SYRACUSE, N.Y. - Fr. Frank A. Pavone, national director of Priests for Life, addressed members of Friends for Life at their annual spring luncheon on April 27th; his topic was "Whose Life Is It, Anyway?" It was an electrifying talk, and demonstrated the reason why Fr. Pavone is in such great demand as a speaker for the cause of life.
Mother Teresa chose him to address the clergy of India on life issues; that is but one of many tributes to his compelling gifts, skills, and insights in this field.
Fr. Pavone began by declaring flatly that the fight to save innocent life is "the greatest movement in the history of the world" because "our cause is rooted in the human heart." Our struggle - by necessity - leads us to cooperate across denominational lines. This, he said, is much like our cooperation with paramedics to save an accident victim, where we never even think to inquire about the religion of our rescuers. Saving life is paramount; all else seems trivial.
Moses is a favorite hero to the speaker; he found many similarities between the great prophet and we who today work to save the unborn. Moses felt completely unqualified to challenge the mighty pharaoh, he didn't have "the expertise" to do the job, he complained to God in the burning bush - "a soft, gentle, life-giving flame, like our life-saving cause." The lesson here, said Father, is that "God chooses those who don't know what they're doing. " Like Moses, "this cause has embraced us and won't let us go. "
By joining the battle for innocent life, he said, we have made a lifelong commitment. A "big iron door shuts behind us when we join the cause, and we can't go back on the brothers and sisters who are counting on us to save them" from the abortionists and the likes of Jack Kevorkian. We must not waver, he said, for God is telling us --as He did to Moses -- "I'll be with you."
Fr. Pavone pointed out that President Clinton's shameless veto of the ban on partial-birth abortions can turn into a psychological advantage for the pro-life movement. It graphically brought the horror and ugliness of abortion into public view, thus defeating the past strategy of concealment and silence on the part of the baby-killers. He even suggested that the TV industry go a step further and do abortions "live" as they do all other types of surgery. After all, he said, abortion "is the most widely performed surgery in America," and why shouldn't viewers see exactly what goes on in abortion mills? In them, he continued, "even the abortionists are ashamed of what they're doing and want to keep it hidden."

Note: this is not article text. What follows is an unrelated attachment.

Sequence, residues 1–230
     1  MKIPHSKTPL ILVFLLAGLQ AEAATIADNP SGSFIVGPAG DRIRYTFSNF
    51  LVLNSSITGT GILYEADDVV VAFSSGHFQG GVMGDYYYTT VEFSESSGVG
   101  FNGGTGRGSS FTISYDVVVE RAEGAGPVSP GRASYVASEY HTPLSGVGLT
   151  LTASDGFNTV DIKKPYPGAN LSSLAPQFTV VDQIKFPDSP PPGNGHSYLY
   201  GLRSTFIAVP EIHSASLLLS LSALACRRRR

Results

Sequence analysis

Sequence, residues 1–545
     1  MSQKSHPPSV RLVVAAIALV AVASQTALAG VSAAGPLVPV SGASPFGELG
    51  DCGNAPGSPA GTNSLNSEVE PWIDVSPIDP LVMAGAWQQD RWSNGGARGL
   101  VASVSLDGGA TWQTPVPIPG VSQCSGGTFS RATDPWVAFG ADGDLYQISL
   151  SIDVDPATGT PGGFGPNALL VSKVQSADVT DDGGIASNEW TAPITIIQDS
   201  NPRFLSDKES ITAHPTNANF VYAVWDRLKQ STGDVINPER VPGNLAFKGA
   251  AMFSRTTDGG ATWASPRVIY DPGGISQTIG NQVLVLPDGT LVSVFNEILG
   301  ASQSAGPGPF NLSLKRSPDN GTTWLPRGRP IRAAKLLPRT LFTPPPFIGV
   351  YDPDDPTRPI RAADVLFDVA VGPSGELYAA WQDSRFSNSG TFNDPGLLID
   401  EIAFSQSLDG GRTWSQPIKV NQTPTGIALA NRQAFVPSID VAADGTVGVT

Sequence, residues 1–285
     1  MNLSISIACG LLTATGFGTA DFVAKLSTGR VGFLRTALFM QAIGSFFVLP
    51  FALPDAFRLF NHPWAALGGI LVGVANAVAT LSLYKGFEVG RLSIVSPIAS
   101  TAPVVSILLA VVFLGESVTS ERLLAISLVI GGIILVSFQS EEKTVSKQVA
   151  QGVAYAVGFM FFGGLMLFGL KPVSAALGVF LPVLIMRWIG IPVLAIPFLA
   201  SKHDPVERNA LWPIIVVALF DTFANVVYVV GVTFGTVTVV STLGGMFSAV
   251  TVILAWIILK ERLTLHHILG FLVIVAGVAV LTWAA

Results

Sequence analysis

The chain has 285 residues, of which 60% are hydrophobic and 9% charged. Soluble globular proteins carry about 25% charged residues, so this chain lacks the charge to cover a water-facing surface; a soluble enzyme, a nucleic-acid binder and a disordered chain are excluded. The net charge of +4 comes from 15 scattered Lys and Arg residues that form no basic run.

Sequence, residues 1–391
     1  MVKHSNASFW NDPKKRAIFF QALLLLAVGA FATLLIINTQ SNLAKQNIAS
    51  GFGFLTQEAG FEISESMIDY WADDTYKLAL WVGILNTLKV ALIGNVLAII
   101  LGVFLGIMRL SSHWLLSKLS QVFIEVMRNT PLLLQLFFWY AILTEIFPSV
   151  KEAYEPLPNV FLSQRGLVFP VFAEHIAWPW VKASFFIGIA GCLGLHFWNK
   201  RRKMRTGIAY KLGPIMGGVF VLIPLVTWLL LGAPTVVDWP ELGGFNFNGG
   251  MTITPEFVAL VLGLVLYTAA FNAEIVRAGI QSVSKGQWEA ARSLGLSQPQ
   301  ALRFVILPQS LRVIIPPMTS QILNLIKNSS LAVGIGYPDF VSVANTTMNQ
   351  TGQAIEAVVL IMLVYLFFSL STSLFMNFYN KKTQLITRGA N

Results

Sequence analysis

He further noted that Clinton's veto is based "on falsehood, not on truth." because "there is absolutely no circumstance in which partial-birth abortion is necessary to save the mother's life or health, and this is from the medical experts, not just a religious opinion." Even the late Dr. James McMahon, infamous for doing the skull crushing infanticide (Partial-birth abortions), admitted that he "had moral compunctions" with the procedure, and had been heard to say "frankly, to me, it is a child."
Dr. McMahon justified his gruesome baby-killing by insisting the child "belongs to the mother," inferring that she has the right to destroy him if she so chooses. Pavone then posed the hard questions. "When does the mother's ownership cease? Did Susan Smith own her kids? If she did, then why was it so wrong for her to drown them? Perhaps we belong to the state, and it can decide who lives or dies. If the state owns us, then Roe v. Wade is OK. "
Or, he said, perhaps we belong to ourselves, and can therefore claim complete personal autonomy. This position opens the door to euthanasia. "It's my life; I can end it as I choose."